New York’s Anti-City: Stuyvesant Town

Joaquin Berdonces October 2018

Urban Studies Ms. Pillsbury

New York’s Anti-City: Stuyvesant Town

A walk through Stuyvesant Town today would not tell of the destruction needed to make it. Today families consider themselves at home where others once did. Community events are held on lawns that once housed hundreds of people; basketball games are played where storefronts supported local families and walkways cut through vanished factories. Stuyvesant town is home to thousands of families today: it also was prior to 1945 to the residents of the Gas House District. The plan was to replace the Gas House District with an “anti-city”, a purposeful rejection of the typical city layout meant to feel like a suburban space while still existing within a city. Open spaces between buildings, walkways lined with trees and a semi-enclosed structure are all features purposely integrated into Stuyvesant Town’s design.

The proposed construction of Stuyvesant Town, by the means of eminent domain granted to a privately owned company, created controversy between the city and New Yorkers. From the beginning Stuyvesant Town was a controversial undertaking. The proposed land for the site already had a dynamic community established there and the construction of such a massive project would require the leveling of this part of Eastern Manhattan. The neighborhood in the project’s way was called the Gas House District (named after the enormous gas tanks erected throughout the blocks) and was home to thousands of poor migrant families who were only able to afford very low rents. The rights to evict the residents of the Gas House District were granted to MetLife, a privately owned company who many New Yorkers thought had no business in displacing people living on public land. Despite the outcry, the rights to eminent domain and a 25 year tax exemption were given to Metlife to construct Stuyvesant town. In 1942, Metlife was granted the rights to evict over 3,000 families of the Gas House District. The obliteration of this neighborhood would hurt more than the physical structures themselves. Neighbors and friends were separated, businesses owned by local residents were demolished and the workplaces of many New Yorkers were now gone. Essentially, for the creation of the Eastern Manhattan community we know today, another had to be awfully torn apart. The destruction had a very real impact on the people living there. Many would not be able to recover from the loss and some were not even fully compensated for their losses. The evicted families were also not granted or even guaranteed apartments in the new development as the majority couldn’t even afford the rent. A lawsuit, filed on the grounds of discrimination in city funds and property, was brought against the company with welfare, labor and civic organizations backing it. Many New Yorkers felt it was unnecessary to “clean up” the Gas House District, as locals valued their relationship with the neighborhood and its residents.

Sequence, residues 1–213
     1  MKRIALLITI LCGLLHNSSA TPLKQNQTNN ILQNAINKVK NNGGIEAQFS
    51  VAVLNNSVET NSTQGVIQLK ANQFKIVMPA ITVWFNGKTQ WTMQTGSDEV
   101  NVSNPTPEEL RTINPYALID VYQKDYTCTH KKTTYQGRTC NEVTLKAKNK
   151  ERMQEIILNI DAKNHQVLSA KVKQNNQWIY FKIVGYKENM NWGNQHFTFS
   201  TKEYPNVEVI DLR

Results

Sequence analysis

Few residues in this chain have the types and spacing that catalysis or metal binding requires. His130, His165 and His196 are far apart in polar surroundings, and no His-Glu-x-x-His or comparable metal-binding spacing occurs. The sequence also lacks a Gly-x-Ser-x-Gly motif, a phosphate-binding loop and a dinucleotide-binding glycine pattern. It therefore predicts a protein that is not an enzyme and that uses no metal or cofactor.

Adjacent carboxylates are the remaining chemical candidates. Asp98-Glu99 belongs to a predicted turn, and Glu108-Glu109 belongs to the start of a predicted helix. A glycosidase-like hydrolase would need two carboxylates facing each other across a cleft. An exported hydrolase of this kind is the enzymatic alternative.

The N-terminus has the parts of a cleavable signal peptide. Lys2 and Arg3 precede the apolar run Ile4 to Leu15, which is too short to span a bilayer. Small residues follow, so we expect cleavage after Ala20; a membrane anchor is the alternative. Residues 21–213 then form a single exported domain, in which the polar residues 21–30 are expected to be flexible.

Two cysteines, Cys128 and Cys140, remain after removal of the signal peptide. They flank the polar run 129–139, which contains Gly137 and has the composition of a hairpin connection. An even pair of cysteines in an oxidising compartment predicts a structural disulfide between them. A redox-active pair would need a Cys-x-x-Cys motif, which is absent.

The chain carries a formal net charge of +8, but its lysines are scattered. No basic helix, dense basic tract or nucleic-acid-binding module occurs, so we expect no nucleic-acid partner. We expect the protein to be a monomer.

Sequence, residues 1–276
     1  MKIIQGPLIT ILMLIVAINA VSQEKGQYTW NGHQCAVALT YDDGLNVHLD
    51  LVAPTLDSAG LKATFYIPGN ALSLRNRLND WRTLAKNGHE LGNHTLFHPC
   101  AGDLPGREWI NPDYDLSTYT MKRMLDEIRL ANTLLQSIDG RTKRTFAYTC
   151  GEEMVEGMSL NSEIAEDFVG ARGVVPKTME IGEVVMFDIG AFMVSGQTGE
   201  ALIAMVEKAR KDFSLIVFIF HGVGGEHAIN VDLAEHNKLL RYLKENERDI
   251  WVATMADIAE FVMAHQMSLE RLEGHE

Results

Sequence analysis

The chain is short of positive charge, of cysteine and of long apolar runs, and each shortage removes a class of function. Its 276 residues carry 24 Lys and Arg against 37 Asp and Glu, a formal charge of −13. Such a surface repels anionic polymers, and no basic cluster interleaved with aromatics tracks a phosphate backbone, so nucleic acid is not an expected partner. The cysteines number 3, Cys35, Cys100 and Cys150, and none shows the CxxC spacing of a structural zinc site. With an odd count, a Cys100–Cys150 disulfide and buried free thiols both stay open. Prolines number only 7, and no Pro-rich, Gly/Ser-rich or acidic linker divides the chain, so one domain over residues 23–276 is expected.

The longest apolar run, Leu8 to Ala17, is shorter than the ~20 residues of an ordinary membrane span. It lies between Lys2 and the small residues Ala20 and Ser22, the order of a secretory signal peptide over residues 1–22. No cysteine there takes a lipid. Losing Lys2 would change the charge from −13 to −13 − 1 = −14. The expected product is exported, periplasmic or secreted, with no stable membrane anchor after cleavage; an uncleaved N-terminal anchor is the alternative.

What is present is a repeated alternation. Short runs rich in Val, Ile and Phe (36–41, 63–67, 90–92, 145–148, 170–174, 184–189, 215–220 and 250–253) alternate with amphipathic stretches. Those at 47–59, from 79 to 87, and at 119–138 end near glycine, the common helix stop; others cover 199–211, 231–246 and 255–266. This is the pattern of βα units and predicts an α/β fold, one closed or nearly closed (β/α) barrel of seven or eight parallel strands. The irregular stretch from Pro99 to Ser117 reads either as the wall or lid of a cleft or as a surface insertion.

Once Stuyvesant Town was constructed it fulfilled the needs of middle class whites, but offered no place for families of color. As the first tenants of Stuyvesant Town moved in and many more filed applications for a spot in the buildings, black families were explicitly prohibited from moving into any apartments. MetLife exclusively allowed white families to live in the project based on the grounds that it was privately owned housing. New Yorkers, however, felt that this was an unfair collaboration between the city and MetLife; “The tenants committee contends that Stuyvesant Town housing 50,000 persons, should not bar Negroes because it was built with the cooperation of the city by condemning tenements and displacing persons of all races in the lower East side area”. Many New Yorkers felt that the city shouldn’t have allowed a private company to racially profile housing which was built on a previously multi-ethnic neighborhood. It didn’t make sense for the city to support the relocation of thousands of families only to bar some of the same people who were removed, either through out-of-reach rents or outright banning. A few years later, because of public pressures, MetLife lifted the ban on black families, although not without having first threatened white families who opposed the ban with eviction.